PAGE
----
"To exist is to differ; difference, in one sense, is the substantial side of things, what they have most in common and what makes them most different. One has to start from this difference and to abstain from trying to explain it [...]" (Tarde (1985/1999) Monadologie et sociologie: 73)
There's a point here which I take: to exist is to differ. That's true, we are all different. For Luhmann and system theorists, difference is the source of existence, as something comes into being by drawing boundaries around itself and, in this process of boundary-drawing, it sets the difference between what the system is and is not. My favorite example: a nation (pick one) comes into being not by virtue of historical necessity, but by delimiting itself along particular lines such as ethnicity, religion, language, territory. In this process of defining who the nation is, it sets the boundary separating it from who the nation is not.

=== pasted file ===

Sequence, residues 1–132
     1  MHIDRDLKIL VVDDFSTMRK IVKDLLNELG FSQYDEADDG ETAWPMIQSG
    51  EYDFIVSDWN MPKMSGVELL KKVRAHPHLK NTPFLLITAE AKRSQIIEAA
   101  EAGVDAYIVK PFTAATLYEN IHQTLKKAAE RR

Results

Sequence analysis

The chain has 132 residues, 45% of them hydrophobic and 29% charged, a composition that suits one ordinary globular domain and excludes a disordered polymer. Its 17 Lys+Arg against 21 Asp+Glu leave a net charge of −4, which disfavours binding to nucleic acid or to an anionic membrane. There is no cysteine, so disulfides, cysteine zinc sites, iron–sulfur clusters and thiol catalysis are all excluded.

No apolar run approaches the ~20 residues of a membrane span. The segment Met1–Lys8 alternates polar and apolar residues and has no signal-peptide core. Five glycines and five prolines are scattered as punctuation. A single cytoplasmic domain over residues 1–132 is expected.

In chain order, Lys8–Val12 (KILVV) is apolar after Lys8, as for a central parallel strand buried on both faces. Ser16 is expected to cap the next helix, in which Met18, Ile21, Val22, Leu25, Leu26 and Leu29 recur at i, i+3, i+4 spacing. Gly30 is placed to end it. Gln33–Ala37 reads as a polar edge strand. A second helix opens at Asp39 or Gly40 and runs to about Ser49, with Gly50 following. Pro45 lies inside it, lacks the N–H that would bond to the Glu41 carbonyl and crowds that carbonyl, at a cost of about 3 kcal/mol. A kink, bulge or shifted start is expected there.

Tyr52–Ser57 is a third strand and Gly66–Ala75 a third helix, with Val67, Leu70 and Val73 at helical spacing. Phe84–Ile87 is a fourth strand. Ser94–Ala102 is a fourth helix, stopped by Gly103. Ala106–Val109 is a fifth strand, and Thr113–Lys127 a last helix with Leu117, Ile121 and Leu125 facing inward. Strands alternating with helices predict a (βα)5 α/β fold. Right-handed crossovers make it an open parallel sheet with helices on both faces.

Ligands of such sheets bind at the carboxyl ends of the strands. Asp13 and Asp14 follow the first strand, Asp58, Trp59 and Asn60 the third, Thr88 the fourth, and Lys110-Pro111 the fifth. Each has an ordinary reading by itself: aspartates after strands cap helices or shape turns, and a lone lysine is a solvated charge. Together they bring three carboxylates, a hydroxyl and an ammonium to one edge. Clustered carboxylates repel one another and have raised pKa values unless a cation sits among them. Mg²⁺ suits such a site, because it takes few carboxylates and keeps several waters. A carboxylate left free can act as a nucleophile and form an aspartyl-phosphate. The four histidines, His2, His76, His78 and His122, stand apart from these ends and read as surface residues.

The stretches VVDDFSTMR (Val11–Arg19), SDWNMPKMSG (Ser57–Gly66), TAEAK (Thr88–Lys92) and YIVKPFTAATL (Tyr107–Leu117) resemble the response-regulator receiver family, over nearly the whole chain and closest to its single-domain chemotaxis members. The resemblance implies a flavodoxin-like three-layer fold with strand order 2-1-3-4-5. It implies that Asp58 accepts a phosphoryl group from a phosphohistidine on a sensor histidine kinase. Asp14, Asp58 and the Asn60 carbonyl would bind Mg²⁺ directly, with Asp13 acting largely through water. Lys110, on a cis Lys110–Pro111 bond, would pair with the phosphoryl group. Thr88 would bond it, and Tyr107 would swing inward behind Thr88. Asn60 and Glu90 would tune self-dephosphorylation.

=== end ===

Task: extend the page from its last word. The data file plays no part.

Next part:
But that's also not that obvious: why do we see the difference? To what extent our individualistic culture is not a source of seeing the difference, obsessing with it? Why are we different first and foremost, instead of similar (for instance, because we have one heart, one pair of lungs, one mouth and so on)?
I guess this comes down to the old constructivist debate: why do we see the tree as an individual unit and we do not see 'tree' as a whole, including the soil in which its roots are, the air which the leaves breathe etc. In other words, what is the principle of classification which informs our vision? From this perspective, I have to side with Foucault and Skeggs (cited in last post): the principle of classification is always partial, always connected to a particular distribution of (access to) resources in society (sorry Latour, I guess I am not an ANT scholar). And I wonder to what extent our principle of classification is not difference as a source of mistrust and different moralities?